Coverage Pointers - Volume I, No. 9

New Page 1
 

For those interested in following HOT CASES from other jurisdictions covering a broad range of legal issues, visit the HOT CASES section of the Federation of Insurance and Corporate Counsel website, www.thefederation.org.

10/28/99: CARPINONE v. MUTUAL OF OMAHA INSURANCE COMPANY
New York State Supreme Court, Appellate Division, Third Department
Policy Rescission: Conclusory Statements By Insurer Cannot Support Rescission of Disability Policy -- Must Be Sufficient Documentary Proof That Policy Would Not Have Been Issued

To establish the materiality of a misrepresentation warranting rescission of a disability policy as a matter of law, an insurer is required to present documentation concerning its underwriting practices, e.g., underwriting manuals, rules or bulletins, which pertain to insuring similar risks. Conclusory statements by an insurance company employee, unsupported by documentary evidence, are insufficient to establish that plaintiff's misrepresentations were material as a matter of law.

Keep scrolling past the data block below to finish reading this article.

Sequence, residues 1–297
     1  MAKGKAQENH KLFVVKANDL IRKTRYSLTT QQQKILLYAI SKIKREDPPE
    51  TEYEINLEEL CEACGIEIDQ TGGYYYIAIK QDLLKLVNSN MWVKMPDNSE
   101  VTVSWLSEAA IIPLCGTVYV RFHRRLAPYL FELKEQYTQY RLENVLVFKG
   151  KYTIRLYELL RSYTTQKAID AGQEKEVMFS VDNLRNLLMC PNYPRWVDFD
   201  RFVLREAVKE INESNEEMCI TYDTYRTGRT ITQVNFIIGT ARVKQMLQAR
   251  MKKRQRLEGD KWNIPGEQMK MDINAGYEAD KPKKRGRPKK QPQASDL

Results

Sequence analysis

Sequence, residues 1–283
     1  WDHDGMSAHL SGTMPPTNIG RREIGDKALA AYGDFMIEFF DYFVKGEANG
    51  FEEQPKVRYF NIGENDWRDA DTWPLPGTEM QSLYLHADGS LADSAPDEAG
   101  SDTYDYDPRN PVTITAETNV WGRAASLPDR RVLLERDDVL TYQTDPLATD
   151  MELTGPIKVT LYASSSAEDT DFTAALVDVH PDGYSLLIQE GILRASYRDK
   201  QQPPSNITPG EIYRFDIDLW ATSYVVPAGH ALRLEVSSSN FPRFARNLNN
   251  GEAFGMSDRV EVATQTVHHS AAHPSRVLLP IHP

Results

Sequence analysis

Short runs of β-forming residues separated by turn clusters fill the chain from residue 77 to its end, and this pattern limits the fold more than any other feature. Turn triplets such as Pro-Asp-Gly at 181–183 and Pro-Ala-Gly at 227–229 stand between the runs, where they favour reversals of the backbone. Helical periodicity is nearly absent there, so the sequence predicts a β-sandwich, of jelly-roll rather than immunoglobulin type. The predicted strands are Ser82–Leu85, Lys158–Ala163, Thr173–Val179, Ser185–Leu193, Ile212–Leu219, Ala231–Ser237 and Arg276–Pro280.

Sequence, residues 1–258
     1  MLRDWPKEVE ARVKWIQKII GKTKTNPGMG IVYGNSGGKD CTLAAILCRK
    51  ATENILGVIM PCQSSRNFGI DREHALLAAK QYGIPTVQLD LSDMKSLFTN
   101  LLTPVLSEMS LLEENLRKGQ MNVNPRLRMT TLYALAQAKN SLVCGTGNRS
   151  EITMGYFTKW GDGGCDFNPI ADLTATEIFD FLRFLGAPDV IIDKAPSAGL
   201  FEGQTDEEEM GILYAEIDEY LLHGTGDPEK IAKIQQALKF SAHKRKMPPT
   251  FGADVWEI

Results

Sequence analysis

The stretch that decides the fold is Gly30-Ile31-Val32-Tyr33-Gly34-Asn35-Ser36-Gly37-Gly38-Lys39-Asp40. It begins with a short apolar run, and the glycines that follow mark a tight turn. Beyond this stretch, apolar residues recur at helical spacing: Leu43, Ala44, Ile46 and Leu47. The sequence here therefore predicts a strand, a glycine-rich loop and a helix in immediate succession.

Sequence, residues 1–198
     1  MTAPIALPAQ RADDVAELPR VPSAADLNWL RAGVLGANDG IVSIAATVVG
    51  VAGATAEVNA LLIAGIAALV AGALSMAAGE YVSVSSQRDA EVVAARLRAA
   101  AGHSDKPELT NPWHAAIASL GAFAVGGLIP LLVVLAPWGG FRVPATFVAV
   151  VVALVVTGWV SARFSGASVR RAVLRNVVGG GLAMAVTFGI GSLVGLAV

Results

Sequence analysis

10/25/99: MATTER OF AMERICAN NATIONAL PROPERTY AND CASUALTY COMPANY v CHULACK
New York State Supreme Court, Appellate Division, Second Department
SUM Endorsement: Insurer is Entitled to Fact Hearing to Determine Whether Injured Party is an Insured Person under Auto Policy – Driver's’ License, Voter’s Registration and Tax Returns not Dispositive
In an action to stay arbitration of an uninsured motorist claim, the insurer was entitled to an evidentiary hearing to determine whether injured party was an "insured person" under parents’ auto policy. The policy defined "relative" as "a person living with you and related to you by blood, marriage or adoption." The insurer contended that the injured party was not living in the same household as his parents at the time of the accident. Evidence that his driver’s license, voter’s registration card, and previous year’s income tax return listed parents’ address as his own was insufficient to establish he was living with his parents at the time of the accident.